As part of a continuing series to familiarize the public with great artists of heroic persona, the men who worked the gold and silver of our national coinage, I will periodically feature short biographies of the creators of our splendid US coins.
Todays entry is William Barber, British by birth, American by choice, he came to our shores in 1852, family in tow. Himself the son of an engraver, William (1807-1879) was apprenticed to his father in his early years and gained wide experience in such varied arts as typesetting for cards and labels, and fine silver engraving.
After settling in Boston in September of 1852, he continued his craft, designing a host of patterns (prototypes for coins for possible circulation), trade medals, commemoratives, etc. His employer of long standing in Boston, Gorham & Co, manufactured silver and gold jewelry, and had a reputation similar to famous contemporaries as Tiffany & Co.
With such long exposure to and experience in the trades of gold and silver and precious metals fabrication, die making and pattern design, it is no surprise that William Barber eventually came to the attention of US Mint officials, specifically James B. Longacre. The Chief Engraver hired him as an assistant engraver just as the civil war was winding down in 1865. Moving to Philadelphia, Barber set to work designing patterns and medals.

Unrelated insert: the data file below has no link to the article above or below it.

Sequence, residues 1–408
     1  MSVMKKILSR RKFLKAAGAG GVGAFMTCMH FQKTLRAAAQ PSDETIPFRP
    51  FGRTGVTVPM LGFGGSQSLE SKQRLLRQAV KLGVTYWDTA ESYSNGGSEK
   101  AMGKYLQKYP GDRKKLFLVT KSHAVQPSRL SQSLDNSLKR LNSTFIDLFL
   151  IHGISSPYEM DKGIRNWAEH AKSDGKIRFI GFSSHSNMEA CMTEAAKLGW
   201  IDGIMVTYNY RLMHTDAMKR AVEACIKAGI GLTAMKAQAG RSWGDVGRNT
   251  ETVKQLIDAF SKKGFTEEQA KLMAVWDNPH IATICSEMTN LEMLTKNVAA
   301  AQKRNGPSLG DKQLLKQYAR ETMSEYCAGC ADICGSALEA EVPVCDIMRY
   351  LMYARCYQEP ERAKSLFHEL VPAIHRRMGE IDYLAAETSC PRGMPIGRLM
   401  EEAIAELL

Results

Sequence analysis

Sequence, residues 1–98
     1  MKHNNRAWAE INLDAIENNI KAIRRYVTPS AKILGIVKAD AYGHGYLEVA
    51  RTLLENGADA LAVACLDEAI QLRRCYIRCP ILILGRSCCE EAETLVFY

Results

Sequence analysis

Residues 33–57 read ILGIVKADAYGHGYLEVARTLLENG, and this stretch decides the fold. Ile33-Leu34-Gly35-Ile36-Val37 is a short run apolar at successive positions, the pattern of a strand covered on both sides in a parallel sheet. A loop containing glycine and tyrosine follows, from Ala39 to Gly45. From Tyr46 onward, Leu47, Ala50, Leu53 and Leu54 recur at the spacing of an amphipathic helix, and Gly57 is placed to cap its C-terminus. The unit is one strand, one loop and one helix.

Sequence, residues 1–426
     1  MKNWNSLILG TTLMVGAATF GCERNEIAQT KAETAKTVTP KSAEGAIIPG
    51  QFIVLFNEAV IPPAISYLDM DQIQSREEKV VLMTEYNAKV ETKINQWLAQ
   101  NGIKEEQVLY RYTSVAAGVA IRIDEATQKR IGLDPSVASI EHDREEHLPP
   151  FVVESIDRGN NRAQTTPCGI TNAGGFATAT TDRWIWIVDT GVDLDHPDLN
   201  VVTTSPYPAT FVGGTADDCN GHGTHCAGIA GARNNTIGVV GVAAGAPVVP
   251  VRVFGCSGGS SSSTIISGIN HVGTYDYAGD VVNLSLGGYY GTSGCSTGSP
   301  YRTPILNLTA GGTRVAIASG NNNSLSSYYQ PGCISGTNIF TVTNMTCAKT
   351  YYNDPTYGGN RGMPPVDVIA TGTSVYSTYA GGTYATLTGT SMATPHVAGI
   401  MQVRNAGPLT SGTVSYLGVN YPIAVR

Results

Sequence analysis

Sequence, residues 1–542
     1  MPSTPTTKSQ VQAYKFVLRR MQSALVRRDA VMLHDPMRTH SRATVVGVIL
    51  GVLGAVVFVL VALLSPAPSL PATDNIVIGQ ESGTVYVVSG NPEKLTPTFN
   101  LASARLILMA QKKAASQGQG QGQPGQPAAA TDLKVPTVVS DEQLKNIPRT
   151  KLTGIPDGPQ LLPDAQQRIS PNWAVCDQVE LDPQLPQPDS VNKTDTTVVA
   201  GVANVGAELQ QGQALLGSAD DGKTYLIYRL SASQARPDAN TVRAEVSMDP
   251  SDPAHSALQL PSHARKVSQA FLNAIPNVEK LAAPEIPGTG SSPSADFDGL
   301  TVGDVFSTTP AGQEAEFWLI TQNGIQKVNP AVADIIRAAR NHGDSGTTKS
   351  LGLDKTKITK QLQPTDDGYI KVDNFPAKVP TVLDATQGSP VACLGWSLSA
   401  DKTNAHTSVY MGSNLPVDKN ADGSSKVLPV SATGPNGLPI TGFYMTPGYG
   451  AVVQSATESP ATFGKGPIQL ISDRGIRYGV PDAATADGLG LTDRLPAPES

Upon the death of Longacre in 1869, William Barber was named Fifth Chief Engraver of the United States Mint, at a salary of $3,000 per year. This position he held until his death on August 31, 1879. In a sign of the clichéd patronage at the Mint that Longacre had tried to eradicate, Barber immediately hired his untested son Charles as an assistant engraver.
Primarily renowned for his work in pattern coins, Barber was also responsible for production of a variety of fine medals. The dies and prototypes for these coins and medals were repeated, improved upon, slightly modified, etc., over many iterations. Two of the prototypical examples of William Barbers work,, would be the silver wreath seated liberty design, example shown here: http://uspatterns.com/1870barberset1.html and the Amazonian seated liberty quarter.
Although William Barbers body of work has been considered inconsistent and uninspired by some, there is no doubt that he was one of the most influential and prolific pattern designers in the history of the US Mint. In addition, his fame may have only been increased by some of his poorer productions. For example, the newly-created twenty-cent piece Barber designed (1875-1878) was immediately unpopular, due to its similarity in design and size to the Liberty Seated quarter then in circulation. After a large run in the coins first year, production dropped to practically nothing; only extremely rare proofs from the mintage of 1877 and 1878 are extant. In addition, many of the coins that were minted were melted down at the Carson City or Philadelphia mints due to the lack of public…